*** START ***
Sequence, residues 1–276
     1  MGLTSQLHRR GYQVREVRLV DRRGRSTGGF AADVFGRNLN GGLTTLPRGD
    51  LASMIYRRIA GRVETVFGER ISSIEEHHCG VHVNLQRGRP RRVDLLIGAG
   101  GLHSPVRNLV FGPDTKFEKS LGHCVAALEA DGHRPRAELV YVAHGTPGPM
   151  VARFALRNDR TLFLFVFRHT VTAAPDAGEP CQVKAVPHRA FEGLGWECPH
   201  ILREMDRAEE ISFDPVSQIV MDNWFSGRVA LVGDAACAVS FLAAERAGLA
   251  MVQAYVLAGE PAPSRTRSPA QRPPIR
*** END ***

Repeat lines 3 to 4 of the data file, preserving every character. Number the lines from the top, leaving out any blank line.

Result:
    51  LASMIYRRIA GRVETVFGER ISSIEEHHCG VHVNLQRGRP RRVDLLIGAG
   101  GLHSPVRNLV FGPDTKFEKS LGHCVAALEA DGHRPRAELV YVAHGTPGPM